Is public employee compensation really causing Wisconsin's budget woes?
Either way, discussions about public employee compensation do need to be part of long-term budget fixes.
(Page 2 of 2)
So, are we about to enter a wave of rolling back union rights? Maybe not.Skip to next paragraph
Subscribe Today to the Monitor
With 29 Republican governors (17 just elected), many with Republican legislative majorities, it seems like the current budget problems could be used to justify stricter limits on collective bargaining. However, recent polls show barely half of Republicans (54 percent favor: 41 percent oppose) support limiting public sector collective bargaining. It is no surprise that 79 percent of Democrats oppose these restrictions, but most ominously for Walker and other hard-liners, so do 62 percent of Independents. That may be one reason why some GOP governors, such as Mitch Daniels of Indiana and Chris Christie of New Jersey are shying away from open war over bargaining rights.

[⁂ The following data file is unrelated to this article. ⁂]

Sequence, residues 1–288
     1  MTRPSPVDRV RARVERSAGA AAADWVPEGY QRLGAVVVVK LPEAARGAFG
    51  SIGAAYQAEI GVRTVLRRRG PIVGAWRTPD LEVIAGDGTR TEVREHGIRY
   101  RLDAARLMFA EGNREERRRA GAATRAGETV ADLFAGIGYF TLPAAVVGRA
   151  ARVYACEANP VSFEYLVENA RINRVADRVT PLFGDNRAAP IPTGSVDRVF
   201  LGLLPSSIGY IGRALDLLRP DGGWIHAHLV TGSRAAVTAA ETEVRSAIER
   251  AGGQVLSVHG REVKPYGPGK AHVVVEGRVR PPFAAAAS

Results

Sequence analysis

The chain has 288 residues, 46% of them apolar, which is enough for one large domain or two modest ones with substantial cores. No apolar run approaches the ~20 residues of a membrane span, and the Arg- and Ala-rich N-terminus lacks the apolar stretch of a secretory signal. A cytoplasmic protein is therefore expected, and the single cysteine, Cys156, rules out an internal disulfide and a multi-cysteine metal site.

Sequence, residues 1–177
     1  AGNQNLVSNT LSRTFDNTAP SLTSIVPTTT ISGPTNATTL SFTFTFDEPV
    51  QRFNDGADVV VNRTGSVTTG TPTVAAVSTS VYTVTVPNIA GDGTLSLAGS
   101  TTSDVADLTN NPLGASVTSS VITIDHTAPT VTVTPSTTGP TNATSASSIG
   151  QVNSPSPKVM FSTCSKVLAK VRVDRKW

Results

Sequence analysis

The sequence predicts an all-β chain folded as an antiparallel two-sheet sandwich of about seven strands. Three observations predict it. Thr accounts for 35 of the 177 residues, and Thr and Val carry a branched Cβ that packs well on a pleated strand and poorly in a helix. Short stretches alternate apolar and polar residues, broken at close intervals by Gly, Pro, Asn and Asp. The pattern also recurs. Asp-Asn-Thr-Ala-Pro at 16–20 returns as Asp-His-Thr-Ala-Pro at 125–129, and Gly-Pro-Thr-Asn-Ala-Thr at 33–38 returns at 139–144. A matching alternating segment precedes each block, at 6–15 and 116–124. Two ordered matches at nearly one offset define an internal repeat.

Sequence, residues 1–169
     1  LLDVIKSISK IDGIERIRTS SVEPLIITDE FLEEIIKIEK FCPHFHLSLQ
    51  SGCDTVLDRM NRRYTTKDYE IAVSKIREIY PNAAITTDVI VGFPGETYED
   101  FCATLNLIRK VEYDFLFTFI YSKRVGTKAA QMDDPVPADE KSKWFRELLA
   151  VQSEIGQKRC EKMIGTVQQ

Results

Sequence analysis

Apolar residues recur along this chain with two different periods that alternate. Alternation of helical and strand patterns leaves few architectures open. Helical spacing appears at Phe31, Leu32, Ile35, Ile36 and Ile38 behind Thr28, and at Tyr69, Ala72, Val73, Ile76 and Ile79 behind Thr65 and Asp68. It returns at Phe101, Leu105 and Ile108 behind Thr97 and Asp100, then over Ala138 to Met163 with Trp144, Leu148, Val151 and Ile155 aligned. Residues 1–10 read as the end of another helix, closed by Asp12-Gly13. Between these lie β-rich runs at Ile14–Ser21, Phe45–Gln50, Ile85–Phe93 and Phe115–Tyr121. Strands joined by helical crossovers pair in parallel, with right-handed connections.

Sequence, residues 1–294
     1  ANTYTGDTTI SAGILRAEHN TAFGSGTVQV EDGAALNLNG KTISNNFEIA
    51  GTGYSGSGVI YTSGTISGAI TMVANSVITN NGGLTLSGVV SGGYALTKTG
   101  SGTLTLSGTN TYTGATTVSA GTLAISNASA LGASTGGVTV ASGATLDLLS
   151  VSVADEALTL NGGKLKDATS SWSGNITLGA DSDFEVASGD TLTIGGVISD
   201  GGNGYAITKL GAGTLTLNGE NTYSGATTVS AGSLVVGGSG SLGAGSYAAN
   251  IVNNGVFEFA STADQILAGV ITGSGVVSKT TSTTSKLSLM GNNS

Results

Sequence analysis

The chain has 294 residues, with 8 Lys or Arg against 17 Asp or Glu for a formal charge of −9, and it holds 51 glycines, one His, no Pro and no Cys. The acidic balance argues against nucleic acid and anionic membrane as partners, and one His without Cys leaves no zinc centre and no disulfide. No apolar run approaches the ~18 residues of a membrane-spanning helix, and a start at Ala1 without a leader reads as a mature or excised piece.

Of course those surveyed didn’t want to raise taxes or cut spending programs or wages either, although two-thirds did recognize their states were in budget crisis.
Increasing the public’s understanding that tough choices need to be made is a first step. And public sector workers need to be part of these discussions recognizing that they’ll likely have to contribute more for their benefits to reflect new budget realities, a process that seems to be underway in places like New York and California. However, progress is more likely to be made when all parties are willing to negotiate and minority legislators feel they can be heard without crossing state-lines
At the moment, the only state benefiting from the Wisconsin stand-off may be Illinois, the temporary home to the Badger State’s self-exiled Democratic senators. At least Illinois is picking up a few extra bucks in hotel taxes. And if things get really bad, the Land of Lincoln can always turn in those Wisconsin Dems and collect a bounty.
The Christian Science Monitor has assembled a diverse group of the best economy-related bloggers out there. Our guest bloggers are not employed or directed by the Monitor and the views expressed are the bloggers' own, as is responsibility for the content of their blogs. To contact us about a blogger, click here. To add or view a comment on a guest blog, please go to the blogger's own site by clicking on the link above.